Crave Not These Things

Day 33 of A Year of War and Peace

uke Skywalker, Jedi hero of the rebellion against the Empire, was not always so heroic. In fact, his first attempt to study the Jedi way was nearly thwarted by Jedi Master Yoda who perceived in young Luke many of the dangerous traits that lead Luke’s father, Anakin, down the path of the dark side of the Force. For this reason Yoda initially refused to train Luke. But Luke insisted that he was ready to undergo the training. “Ready, are you? What know you of ready?” asked Yoda. “For eight hundred years have I trained Jedi. My own counsel will I keep on who is to be trained! A Jedi must have the deepest commitment, the most serious mind. This one a long time have I watched. Never his mind on where he was. Hmm? What he was doing. Hmph. Adventure. Heh! Excitement. Heh! A Jedi craves not these things. You are reckless!”

It turns out Nikolai Rostov really isn’t Jedi material either for he engages in similarly reckless and mindless behavior in today’s reading. The first instance comes early in the chapter as he surveys the Russian troops moving across the bridge over the river Enns. The entire Russian army has gone over, save for Rostov’s squadron of hussars. Instead of focusing on the present task of completing the crossing Rostov daydreams of glory. He assumes “the happy air of a schoolboy” as he contemplates ways in which he can distinguish himself in battle. This reverie distracts him from noting that the French are arriving just over the horizon.

And then, when he does discover the approaching French army, he probably takes part in the same thoughts Tolstoy writes all soldiers have upon taking sight of the enemy:

One step beyond that boundary line which resembles the line dividing the living from the dead, lies uncertainty, suffering, and death. And what is there? Who is there? — beyond that field, that tree, that roof lit up by the sun? No one knows, but one wants to know. You fear and yet long to cross that line, and know that sooner or later it must be crossed and you will have to find out what is there, just as you will inevitably have to learn what lies the other side of death.

Even then Rostov isn’t finished with his mindlessness. When he perceives that the French will attempt to cut them off at the bridge he realizes that the Russians must fire the bridge first. He looks to his colonel, Bogdanich. Things aren’t great between him and Bogdanich. After his dustup with Telyanin, Rostov rushed off to complain to Bogdanich about Denisov’s stolen purse. And he did so, very rudely, embarrassing Bogdanich, in front of other officers.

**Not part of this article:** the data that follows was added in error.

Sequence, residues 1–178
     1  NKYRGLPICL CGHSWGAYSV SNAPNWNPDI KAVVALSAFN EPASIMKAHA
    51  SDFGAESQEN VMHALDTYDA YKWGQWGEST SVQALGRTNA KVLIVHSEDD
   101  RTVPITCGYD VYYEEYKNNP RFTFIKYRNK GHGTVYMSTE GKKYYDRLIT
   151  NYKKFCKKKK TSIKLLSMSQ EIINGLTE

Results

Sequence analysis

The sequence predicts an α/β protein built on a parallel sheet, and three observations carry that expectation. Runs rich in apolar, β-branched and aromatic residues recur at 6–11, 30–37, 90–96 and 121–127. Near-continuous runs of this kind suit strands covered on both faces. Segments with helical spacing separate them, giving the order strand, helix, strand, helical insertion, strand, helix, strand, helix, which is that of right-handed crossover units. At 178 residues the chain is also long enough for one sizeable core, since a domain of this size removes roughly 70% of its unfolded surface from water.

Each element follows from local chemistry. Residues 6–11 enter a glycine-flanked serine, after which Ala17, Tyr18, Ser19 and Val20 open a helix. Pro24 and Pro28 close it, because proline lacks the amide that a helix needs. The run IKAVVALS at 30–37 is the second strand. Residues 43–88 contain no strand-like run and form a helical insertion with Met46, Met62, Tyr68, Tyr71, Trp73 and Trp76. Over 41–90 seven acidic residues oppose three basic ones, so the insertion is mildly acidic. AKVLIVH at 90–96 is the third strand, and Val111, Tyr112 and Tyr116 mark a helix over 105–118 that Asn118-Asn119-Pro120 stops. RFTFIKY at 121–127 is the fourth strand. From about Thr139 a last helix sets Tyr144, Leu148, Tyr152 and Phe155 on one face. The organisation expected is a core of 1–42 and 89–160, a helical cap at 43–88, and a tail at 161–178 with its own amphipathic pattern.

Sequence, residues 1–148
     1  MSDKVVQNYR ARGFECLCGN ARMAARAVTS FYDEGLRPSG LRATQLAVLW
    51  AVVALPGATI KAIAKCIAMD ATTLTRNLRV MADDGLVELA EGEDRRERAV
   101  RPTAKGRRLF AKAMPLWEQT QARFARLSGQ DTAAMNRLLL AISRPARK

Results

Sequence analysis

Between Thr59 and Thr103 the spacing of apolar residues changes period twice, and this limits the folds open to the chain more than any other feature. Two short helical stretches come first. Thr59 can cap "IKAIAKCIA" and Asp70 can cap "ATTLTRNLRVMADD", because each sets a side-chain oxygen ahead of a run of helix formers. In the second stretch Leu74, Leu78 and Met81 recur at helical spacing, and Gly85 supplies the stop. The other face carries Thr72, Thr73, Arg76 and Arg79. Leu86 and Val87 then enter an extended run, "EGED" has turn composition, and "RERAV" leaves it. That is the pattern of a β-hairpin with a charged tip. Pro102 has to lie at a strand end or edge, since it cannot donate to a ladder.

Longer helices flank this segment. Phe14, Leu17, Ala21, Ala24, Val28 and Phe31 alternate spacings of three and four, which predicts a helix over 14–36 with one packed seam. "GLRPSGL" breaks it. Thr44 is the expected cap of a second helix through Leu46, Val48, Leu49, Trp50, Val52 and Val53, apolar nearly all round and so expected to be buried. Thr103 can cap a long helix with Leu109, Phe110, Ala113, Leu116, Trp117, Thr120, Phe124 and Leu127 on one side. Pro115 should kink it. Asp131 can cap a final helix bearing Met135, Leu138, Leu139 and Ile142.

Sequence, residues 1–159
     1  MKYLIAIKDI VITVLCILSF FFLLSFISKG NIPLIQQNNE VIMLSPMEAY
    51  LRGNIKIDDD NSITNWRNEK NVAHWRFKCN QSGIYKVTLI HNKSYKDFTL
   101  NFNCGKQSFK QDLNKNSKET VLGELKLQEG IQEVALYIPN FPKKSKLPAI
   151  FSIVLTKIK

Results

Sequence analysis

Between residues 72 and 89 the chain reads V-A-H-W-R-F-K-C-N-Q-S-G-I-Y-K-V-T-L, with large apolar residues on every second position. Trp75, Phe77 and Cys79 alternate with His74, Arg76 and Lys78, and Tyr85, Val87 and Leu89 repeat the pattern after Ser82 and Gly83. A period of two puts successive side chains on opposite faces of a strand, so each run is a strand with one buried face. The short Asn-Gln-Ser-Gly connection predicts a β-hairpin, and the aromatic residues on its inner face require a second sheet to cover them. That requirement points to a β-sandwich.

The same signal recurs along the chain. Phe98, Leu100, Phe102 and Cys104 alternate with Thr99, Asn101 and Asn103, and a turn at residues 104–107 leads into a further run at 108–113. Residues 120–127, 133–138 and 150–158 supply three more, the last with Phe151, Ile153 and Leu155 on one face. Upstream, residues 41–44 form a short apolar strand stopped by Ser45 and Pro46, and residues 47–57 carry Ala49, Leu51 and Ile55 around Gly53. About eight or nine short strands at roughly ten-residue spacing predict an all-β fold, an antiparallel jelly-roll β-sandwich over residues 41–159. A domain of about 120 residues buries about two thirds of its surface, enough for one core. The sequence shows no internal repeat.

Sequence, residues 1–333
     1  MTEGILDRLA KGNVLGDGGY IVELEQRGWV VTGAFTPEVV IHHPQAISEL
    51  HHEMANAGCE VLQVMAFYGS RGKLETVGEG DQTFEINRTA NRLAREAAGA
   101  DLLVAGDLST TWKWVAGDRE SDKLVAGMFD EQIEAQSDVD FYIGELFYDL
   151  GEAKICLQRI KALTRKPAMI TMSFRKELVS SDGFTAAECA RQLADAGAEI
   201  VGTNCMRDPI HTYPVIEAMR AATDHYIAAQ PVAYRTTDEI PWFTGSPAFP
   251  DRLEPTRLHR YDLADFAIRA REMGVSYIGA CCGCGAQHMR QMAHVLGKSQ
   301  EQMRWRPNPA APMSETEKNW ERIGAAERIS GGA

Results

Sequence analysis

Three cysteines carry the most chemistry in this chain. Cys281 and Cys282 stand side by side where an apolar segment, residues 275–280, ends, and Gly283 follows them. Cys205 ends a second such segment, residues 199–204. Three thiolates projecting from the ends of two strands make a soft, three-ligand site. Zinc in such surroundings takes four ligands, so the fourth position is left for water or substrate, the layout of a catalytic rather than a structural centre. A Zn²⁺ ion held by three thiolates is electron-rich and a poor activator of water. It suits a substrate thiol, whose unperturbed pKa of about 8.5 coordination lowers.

So now Rostov loses himself in paranoid thoughts about how Bogdanich will somehow target him personally for revenge. Rostov believes Bogdanich has found his method for this revenge by accepting the order to burn the bridge. Surely, Rostov imagines, Bogdanich will order Rostov’s squadron to execute the order. This, it turns out, is the case. Rostov’s squadron is tasked with burning the bridge, though certainly not for the reasons Rostov thinks. At any rate, Rostov losses his focus again as he daydreams about the sky above him (recall our discussion about this Tolstoyan literary technique of contrasting indifferent nature with the strivings of mankind).

Rostov’s daydreaming is cut short when French grapeshot mows down a few of his fellow soldiers. He retreats in fear.


Consider how much time Rostov wastes on mindless thought in this chapter. Consider how much time we waste on mindless thought every day. Then consider what Marcus Aurelius has to say on the subject of staying focused on the present rather than wasting time on mindless thought:

I consist of a little body and a soul. Now to this little body all things are indifferent, for it is not able to perceive differences. But to the understanding only those things are indifferent that are not the works of its own activity. But whatever things are the works of its own activity, all these are in its power — and of these, however, only those that are done with reference to the present; for as to the future and the past activities of the mind, even these are indifferent for the present.

Marcus Aurelius, The Meditations

This is the thirty-third installment in a daily, yearlong, chapter-by-chapter reading devotional and meditation on Leo Tolstoy’s War and Peace. For more information on this project please read the introduction to the series here.

I’m also very interested in hearing what you have to say about the novel. So leave a comment and let me know.

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For my friends and family, love. For my enemies, durian fruit.

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